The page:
is a four volume set by GeraldWeinberg
, published by Dorset House.
- ISBN 0-932633-22-6 Volume 1, Systems Thinking
- ... teaches the understanding of complex systems (software projects).
- ISBN 0-932633-24-2 Volume 2, First-Order Measurements
- ... is about what to measure and why (and includes a marvelous section on "SlipCharts" and what they reveal about the organization)
- ISBN 0-932633-28-5 Volume 3, Congruent Action
- ... is about acting effectively in difficult situations.
- ISBN 0-932633-32-3 Volume 4, Anticipating Change
- ... is about implementing all the ideas from the first three books in an organization.
Jerry gives this explanation for the series in the introduction to volume 2:
- "In the four decades I've spent in the software business, I've learned that there are three fundamental abilities needed to do a quality job of managing software engineering:
- "the ability to understand complex situations so you can plan a project and then observe and act in order to keep the project going according to plan, or modify the plan;
- "the ability to observe what's happening and to understand the significance of our observations in terms of effective adaptive actions;
- "the ability to act appropriately in difficult interpersonal situations, even though you may be confused, or angry, or so afraid that you want to run away and hide."
recommend these books for anyone who is trying to make sense out of the madness of engineering projects, especially in small organizations.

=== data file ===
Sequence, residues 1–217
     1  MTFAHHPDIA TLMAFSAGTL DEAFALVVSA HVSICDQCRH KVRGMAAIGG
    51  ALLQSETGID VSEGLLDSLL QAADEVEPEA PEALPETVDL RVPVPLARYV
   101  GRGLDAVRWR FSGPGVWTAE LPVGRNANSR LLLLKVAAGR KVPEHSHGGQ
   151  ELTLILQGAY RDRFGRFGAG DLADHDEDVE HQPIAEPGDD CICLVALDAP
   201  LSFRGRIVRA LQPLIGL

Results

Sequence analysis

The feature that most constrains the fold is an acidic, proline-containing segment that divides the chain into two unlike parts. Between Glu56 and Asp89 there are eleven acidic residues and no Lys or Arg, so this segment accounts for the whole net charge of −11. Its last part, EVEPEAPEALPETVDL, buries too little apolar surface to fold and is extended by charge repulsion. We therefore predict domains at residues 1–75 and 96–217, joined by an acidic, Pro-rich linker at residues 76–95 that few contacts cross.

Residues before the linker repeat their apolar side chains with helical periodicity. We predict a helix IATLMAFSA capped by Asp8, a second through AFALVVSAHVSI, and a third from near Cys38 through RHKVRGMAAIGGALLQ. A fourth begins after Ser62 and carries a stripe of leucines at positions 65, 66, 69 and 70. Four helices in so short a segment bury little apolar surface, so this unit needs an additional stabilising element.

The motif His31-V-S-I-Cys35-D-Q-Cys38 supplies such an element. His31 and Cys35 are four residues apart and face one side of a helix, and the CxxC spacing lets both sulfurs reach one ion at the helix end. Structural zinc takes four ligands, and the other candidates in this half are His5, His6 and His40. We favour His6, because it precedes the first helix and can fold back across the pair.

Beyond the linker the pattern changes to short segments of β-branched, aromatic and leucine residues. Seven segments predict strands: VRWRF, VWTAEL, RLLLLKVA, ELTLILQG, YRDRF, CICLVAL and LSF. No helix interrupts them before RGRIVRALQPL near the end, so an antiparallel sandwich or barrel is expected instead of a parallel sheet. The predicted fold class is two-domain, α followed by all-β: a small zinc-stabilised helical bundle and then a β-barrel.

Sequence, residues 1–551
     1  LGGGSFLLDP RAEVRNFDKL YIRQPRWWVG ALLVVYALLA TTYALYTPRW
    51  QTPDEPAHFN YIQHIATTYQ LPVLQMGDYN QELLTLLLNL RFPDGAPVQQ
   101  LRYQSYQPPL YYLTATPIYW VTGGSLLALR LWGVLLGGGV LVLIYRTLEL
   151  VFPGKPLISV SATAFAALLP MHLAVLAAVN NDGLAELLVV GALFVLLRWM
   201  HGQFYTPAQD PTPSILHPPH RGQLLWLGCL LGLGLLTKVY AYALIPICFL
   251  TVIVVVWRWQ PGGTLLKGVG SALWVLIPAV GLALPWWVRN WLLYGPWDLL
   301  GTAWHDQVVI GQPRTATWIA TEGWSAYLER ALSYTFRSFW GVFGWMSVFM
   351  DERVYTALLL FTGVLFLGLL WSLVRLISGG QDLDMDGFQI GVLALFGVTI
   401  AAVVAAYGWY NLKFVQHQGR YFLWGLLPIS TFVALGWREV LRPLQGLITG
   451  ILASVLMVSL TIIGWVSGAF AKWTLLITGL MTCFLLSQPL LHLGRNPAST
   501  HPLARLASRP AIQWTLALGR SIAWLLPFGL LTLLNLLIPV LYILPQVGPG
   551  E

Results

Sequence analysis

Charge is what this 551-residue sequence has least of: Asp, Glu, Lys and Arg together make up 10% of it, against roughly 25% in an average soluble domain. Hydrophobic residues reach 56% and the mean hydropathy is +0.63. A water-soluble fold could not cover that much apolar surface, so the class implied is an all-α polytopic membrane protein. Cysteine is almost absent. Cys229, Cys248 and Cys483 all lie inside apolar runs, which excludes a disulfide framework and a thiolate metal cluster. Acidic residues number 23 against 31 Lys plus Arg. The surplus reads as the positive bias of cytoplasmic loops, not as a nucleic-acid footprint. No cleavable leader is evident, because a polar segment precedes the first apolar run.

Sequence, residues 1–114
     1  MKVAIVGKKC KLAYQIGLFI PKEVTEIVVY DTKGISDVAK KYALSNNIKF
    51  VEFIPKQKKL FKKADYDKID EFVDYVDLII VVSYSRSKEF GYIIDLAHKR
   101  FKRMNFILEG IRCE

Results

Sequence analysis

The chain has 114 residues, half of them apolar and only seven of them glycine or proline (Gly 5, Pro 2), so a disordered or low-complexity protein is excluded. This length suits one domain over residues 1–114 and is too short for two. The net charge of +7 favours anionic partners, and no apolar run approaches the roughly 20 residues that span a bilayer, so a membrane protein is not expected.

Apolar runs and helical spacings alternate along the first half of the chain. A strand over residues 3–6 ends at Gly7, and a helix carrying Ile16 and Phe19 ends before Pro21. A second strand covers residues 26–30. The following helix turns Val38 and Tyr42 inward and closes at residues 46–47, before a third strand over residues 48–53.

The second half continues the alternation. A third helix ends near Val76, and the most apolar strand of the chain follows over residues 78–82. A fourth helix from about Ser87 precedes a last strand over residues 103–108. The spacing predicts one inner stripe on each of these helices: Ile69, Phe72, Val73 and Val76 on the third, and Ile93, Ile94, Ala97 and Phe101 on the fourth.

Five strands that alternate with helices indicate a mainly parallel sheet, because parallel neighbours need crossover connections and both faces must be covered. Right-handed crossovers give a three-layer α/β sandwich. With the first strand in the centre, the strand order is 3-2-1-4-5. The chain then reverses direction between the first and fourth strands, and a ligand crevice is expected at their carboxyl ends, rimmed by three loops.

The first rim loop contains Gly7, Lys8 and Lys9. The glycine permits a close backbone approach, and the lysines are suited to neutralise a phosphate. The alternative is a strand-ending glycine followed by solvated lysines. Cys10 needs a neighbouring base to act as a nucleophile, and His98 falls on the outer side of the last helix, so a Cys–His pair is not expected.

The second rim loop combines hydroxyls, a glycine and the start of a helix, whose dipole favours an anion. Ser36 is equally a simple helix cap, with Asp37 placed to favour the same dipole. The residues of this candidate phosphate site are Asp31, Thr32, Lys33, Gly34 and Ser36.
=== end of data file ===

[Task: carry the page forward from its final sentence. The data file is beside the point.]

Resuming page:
The above sounds very similar to WilliamEdwardsDeming's ProfoundKnowledge.
From my web site:
- I like Jerry Weinberg. He's a lunatic: I like that in a person. He writes from a technical and psychological perspective, describing how to think about what you do. Many of his books are out of print or hard to find. This series is one of my favorites.
-- RonJeffries http://www.xprogramming.com/recommended_reading_prog.htm
[A relevant comment moved from CommitmentSchedule:]
I've been reading GeraldWeinberg
books recently and it seems like the XP focus on interaction with the end users fits well with Weinberg's idea (adapted and expanded from PhillipCrosby?
's ideas in QualityIsFree
) of quality being defined as that which provides value to some person(s). Weinberg's version is more humanistic than Crosby's original definition of quality as "conformance to requirements" and seems to fit even more closely with the XP ideal of building value for a specific on-site customer. As WaldenMathews
pointed out in a comment on what I wrote here originally: "getting the requirements right is the hardest piece of the puzzle. It's too easy to conform to the wrong requirements, and fail to deliver quality." -- PeterSeibel
With reference to XP. One of the declared strengths of XP is the demarcation between customer, who declares and prioritises requirements, and the developers who estimate and deliver solutions. The objective of the demarcation is that as the customer defines the value (and the conditions for defining when the requirement is met) so the work will focus on delivering quality (value to the customer).
A potential problem arises when the GoalDonor
(provider of requirements) and GoldOwner
(the person with the budget) are not the same person. At this point the quality of the system to the GoldOwner
may drop and the project will be in trouble (this is what happened to C3 I believe).
, CategoryQuality CategoryManagement